Rav Kohn: “That is right! It is a very deep thing. Yavan is really the world of the absolutes whereas Yisrael is the world of the relational or the interactive. We are the world of brit, of the covenant, which is formed when two people come together. There is no brit in Yavan. Yavan’s rejection of bris milah was not only due to the mutilation of the body, although that is certainly part of it. What it was, in essence, was the connectivity that they despised and which really characterizes what the Jewish people are all about. That is why we find this recurrent use of the word ‘chein’ with regards to Yaakov, “chanani Elokim,” “yachnecha b’ni,” which Yosef says about Binyamin. It seems to always be about chein. It’s not that beauty is a negative feature, but you put it very beautifully when you said that when beauty becomes the primary force of attraction then the life force gets squelched; you can’t be real, you can’t be spontaneous, and you can’t be connected when you’re always trying to hold the lines up straight.”
Eli Schwebel: “I can almost hear someone British say, ‘Hey, shoulders up!’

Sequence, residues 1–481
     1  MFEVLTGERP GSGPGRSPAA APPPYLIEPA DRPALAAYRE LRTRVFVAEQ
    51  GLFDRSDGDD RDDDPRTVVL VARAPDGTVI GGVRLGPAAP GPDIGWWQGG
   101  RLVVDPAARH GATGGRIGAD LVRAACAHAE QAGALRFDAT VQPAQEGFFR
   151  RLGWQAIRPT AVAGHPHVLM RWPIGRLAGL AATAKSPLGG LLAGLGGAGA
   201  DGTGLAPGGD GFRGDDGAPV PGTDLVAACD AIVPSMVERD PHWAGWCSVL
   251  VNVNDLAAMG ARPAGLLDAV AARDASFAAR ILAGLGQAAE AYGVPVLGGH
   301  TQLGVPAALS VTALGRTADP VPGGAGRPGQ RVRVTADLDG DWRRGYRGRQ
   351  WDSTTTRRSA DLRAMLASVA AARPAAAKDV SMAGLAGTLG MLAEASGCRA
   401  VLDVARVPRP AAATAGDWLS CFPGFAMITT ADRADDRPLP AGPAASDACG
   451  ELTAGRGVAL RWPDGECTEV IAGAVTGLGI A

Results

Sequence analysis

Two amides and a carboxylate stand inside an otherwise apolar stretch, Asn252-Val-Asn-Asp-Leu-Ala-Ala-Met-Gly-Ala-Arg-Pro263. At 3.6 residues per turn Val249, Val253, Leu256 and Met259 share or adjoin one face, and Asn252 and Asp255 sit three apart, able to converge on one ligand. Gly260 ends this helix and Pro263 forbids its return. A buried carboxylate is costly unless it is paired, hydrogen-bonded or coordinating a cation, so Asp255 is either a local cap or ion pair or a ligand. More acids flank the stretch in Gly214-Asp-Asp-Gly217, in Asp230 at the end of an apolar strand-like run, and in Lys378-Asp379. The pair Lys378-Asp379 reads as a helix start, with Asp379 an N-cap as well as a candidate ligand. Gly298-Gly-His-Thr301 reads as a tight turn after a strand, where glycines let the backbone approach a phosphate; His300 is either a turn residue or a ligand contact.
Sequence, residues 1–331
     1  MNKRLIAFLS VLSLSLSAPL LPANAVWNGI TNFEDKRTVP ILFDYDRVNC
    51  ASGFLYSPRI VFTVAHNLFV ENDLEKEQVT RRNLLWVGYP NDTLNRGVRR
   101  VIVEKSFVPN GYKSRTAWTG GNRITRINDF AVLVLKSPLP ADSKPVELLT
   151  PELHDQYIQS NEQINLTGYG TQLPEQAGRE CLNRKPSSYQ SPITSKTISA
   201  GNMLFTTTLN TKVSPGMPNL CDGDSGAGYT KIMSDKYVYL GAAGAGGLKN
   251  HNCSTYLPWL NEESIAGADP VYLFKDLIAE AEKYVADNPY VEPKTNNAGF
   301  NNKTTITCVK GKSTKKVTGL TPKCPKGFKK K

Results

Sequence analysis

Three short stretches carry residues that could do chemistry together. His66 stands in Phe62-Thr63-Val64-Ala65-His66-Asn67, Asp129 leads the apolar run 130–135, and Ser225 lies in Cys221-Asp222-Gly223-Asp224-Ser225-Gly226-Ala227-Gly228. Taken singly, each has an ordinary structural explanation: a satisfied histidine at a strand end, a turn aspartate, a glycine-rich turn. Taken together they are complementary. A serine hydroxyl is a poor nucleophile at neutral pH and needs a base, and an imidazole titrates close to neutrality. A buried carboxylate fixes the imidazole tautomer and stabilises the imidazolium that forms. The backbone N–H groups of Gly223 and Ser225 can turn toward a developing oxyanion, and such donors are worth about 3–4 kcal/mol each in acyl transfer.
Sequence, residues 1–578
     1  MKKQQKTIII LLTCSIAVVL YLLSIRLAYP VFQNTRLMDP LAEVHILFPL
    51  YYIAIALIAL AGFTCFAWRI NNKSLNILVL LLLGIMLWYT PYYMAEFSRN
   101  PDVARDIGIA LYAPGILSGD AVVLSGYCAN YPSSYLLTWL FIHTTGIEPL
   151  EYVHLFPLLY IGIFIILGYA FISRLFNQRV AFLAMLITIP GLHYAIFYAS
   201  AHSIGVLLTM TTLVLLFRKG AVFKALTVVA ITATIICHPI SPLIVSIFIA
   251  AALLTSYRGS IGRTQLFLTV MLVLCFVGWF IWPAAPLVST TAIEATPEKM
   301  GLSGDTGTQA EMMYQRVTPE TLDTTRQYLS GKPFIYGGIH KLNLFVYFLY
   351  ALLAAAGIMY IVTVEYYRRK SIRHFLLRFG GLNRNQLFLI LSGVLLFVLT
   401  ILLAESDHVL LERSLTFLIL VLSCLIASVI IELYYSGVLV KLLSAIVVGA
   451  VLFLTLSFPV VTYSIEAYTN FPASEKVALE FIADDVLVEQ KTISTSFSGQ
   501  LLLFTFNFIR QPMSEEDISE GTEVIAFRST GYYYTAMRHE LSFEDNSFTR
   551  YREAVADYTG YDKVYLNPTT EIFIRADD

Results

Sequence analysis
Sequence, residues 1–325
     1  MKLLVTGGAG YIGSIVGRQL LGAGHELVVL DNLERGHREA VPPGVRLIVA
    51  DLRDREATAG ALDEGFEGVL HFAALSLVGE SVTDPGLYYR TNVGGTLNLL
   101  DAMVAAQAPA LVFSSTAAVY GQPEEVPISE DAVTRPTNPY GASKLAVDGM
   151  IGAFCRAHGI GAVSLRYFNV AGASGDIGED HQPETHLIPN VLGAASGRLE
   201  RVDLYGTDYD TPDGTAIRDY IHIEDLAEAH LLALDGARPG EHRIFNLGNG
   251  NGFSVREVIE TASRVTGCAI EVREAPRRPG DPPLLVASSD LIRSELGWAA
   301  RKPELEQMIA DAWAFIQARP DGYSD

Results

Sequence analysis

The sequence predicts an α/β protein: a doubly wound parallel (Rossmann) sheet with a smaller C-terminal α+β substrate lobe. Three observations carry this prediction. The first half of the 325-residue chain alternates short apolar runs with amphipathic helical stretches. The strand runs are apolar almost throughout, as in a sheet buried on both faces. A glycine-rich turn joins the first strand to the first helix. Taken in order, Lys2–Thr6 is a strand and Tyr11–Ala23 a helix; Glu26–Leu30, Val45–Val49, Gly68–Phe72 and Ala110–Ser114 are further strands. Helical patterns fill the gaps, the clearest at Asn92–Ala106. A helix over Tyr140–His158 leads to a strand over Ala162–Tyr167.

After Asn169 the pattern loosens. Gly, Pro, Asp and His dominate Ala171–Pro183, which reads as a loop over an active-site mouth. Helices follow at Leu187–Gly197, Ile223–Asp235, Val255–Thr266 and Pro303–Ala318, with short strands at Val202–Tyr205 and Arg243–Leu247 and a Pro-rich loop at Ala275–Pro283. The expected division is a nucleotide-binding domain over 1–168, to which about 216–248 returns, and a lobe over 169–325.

“So then why Chanukah?”
Rav Kohn: “So, yeah, the amazing thing is that the whole reality that we are meant to step into now on Chanukah is really to connect to this flame that is burning inside. This flame, this passion of life. This flame, which is ever-changing and isn’t something you can really grab onto. Like Rebbe Yochanan in the Gemara says, “Aish ein bo mamush,” fire has no substance. And precisely because it has no substance it still remains exciting to Rebbe Yochanan and all the chein people. And that is why Matityahu ben Yochanan Kohen Gadol is the right one to respond. I think the idea for Chanukah specifically is that these were people who didn’t make the evaluation whether taking on the Greek army was a sound move or not. Life is about your living it with fullness and passion. If we’re not going to do this, we are gone. This is the time when you are either alive or not alive, that’s all. I feel that so strongly on Chanukah when I sit there looking at the candles. You know, there is nothing like looking at someone’s face which is lit up by a flame. It’s not like electricity, it is full of chein.”
Eli Schwebel: “I was not in a good place when I got home last night. I got home late, I lit the licht, and it snapped me out of it.”
Rav Kohn: “Yeah, I was with this group last night in Ramat Gan. I am playing my clarinet for them and I guided them to follow a flame right up through their body and let it glow really inside and tell you: you have so much chein, so much chein. Yeah, and it’s every one of us.”